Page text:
I think you guys would have to give me the liberty to write a novel (I wouldn't put it past you) if I were to go into all of my reasons for choosing Oberlin. I could tell you about my entrepreneurial ambitions, and how Oberlin's Creativity and Leadership project will provide an ideal platform to help me implement my ideas and fashion them into reality. Or I could chatter away about my plans to continue community service at Oberlin with the Bonner Center's CBL courses. However, I do not want to wear your patience thin just yet, and am thus going to conclude with a very honest confession. It's true that I don't consider Oberlin's academics to be the best in the country, and nor do I believe its economics program (my preferred major) to be the most comprehensive. However, I am a man who has always had the bigger picture in mind, and am certain that I will be the happiest at Oberlin. The place absolutely reeks of all the values and qualities that I hold so dearly myself- a quirky and fun approach to work, an ultra liberal acceptance and appreciation for all opinions, and an adamant resolution to effect change through innovation and creativity. Oberlin feels "just right" for me and I would like nothing better than to spend the next four years of my life there.

THANKS A LOT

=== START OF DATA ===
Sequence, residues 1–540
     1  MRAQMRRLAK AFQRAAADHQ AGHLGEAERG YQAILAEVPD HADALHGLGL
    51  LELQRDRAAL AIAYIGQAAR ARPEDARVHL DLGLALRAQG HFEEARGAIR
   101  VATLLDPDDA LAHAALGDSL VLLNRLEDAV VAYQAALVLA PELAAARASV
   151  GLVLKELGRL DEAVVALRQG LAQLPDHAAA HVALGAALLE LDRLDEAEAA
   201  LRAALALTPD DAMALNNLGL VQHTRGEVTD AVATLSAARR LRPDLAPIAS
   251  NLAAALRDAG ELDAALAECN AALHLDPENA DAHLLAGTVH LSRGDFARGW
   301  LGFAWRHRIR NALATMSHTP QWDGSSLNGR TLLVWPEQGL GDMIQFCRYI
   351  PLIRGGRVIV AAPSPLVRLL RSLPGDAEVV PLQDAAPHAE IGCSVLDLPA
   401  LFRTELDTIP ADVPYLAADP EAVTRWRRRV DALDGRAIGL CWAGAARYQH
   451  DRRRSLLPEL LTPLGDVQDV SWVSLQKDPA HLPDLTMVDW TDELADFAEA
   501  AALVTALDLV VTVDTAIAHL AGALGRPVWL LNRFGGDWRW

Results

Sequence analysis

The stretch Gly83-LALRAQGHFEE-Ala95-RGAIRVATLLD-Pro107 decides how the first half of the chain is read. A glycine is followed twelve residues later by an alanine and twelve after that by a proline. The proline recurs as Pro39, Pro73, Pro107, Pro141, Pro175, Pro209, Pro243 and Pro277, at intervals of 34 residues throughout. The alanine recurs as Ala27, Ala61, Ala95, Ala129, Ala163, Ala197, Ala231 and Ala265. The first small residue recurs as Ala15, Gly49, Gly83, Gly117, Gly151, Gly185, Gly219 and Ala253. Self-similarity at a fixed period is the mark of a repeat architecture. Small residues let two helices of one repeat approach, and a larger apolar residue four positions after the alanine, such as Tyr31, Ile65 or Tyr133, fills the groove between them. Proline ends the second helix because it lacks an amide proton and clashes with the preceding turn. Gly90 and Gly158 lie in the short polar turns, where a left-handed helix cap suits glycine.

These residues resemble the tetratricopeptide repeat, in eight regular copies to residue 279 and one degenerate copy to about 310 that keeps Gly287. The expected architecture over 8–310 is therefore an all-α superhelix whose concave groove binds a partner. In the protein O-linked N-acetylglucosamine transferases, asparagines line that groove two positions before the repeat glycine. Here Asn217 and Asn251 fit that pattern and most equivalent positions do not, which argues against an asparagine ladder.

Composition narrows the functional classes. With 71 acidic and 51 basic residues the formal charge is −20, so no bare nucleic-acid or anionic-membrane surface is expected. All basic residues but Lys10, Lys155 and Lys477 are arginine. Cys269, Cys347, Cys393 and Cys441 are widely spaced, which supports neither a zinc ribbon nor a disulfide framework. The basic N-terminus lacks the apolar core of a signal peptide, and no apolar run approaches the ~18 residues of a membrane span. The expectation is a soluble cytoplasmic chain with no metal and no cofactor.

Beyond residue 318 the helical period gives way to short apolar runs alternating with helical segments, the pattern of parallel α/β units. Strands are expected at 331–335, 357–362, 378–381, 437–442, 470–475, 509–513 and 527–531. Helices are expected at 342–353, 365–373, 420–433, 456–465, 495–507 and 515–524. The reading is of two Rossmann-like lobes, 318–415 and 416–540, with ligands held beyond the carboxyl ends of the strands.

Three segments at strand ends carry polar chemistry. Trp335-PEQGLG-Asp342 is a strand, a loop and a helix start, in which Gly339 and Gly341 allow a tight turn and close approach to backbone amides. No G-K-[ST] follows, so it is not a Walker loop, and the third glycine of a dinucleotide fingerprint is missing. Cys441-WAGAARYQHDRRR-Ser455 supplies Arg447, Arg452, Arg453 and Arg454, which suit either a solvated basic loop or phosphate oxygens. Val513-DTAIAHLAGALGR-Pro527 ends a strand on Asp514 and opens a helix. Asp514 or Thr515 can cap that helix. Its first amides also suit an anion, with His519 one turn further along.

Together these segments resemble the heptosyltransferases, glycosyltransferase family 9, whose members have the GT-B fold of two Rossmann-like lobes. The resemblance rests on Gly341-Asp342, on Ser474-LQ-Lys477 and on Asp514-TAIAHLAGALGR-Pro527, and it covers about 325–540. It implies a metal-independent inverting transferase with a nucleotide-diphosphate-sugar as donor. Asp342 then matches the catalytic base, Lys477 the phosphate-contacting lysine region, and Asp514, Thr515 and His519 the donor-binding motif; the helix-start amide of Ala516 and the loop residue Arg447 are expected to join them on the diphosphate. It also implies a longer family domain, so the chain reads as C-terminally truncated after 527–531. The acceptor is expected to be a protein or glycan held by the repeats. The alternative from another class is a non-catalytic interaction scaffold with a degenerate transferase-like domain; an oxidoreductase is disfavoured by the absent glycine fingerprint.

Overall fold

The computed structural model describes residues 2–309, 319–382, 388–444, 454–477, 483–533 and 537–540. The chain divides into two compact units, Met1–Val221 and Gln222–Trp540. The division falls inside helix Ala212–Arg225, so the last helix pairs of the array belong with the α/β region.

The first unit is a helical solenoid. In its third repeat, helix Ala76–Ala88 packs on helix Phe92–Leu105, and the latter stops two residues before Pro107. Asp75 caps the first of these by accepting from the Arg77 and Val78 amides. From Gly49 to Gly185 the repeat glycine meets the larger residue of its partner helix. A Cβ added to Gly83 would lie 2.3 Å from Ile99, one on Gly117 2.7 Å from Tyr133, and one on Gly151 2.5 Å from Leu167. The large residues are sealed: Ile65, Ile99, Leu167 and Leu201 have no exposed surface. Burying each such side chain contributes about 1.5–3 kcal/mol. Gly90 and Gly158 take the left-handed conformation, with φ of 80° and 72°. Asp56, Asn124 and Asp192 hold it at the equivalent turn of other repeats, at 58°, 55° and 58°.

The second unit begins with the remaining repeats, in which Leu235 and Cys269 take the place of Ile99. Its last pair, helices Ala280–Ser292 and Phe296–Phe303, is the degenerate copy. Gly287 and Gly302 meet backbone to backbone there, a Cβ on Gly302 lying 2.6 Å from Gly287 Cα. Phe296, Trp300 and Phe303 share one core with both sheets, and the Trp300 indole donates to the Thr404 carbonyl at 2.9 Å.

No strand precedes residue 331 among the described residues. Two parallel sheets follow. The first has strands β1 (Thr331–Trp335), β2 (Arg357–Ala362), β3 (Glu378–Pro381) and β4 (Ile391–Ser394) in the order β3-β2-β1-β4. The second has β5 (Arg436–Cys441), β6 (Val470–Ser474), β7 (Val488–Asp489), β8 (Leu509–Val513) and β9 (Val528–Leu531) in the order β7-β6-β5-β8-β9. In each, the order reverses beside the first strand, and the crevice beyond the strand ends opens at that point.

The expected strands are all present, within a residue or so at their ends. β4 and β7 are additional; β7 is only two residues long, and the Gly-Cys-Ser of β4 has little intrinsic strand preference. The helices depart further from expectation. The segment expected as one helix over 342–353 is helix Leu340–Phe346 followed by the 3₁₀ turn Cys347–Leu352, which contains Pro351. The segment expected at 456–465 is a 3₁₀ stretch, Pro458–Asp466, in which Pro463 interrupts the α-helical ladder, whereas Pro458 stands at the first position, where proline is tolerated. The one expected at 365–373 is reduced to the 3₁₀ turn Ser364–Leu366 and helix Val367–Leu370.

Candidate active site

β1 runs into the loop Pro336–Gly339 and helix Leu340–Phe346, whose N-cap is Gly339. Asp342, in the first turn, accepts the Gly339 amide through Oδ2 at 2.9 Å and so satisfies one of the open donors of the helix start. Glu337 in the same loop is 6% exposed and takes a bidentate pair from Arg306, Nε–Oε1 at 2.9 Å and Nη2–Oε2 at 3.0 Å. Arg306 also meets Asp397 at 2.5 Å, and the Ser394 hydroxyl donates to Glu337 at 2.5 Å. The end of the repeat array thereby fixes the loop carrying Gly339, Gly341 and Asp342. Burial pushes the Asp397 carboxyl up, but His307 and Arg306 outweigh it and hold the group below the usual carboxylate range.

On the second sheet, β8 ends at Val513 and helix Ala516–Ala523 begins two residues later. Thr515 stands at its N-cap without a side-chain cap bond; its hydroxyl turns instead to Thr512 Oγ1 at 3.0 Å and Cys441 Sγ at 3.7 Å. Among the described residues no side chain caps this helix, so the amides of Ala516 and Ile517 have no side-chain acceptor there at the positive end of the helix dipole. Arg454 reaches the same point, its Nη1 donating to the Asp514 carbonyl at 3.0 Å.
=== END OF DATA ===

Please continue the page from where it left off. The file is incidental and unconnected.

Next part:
NiQyira 1 / 2  
Jan 18, 2012   #2
"Thus, it seems only fitting that my college be as "crazy" as I am. Now Oberlin fits this bill perfectly" I wouldn't necessarily describe the college as crazy. Maybe take this out and keep going with the idea that Oberlin is accepting of your true identity and makes you feel comfortable with who you are as a person and a student

"I mean what other place allows any undergraduate student with a decent idea to create and teach their own course?" Try rephrasing this a little, for example:Of all the colleges I researched, one aspect that made Oberlin unique is that the faculty gives students with promising ideas the chance to create and teach their own course.

"I'm certain that only Oberlin can be 'cool' enough to undertake as wonderfully unique an initiative as the Exco classes." I would suggest taking out this sentence. It sounds kind of sarcastic.
ItsokaytoGaga 15 / 96  
Jan 18, 2012   #3
While you describe your interests/reasons for applying to Oberlin and how Oberlin would help you obtain the sort of education your looking for perfectly, your have exceeded the word limit way too much.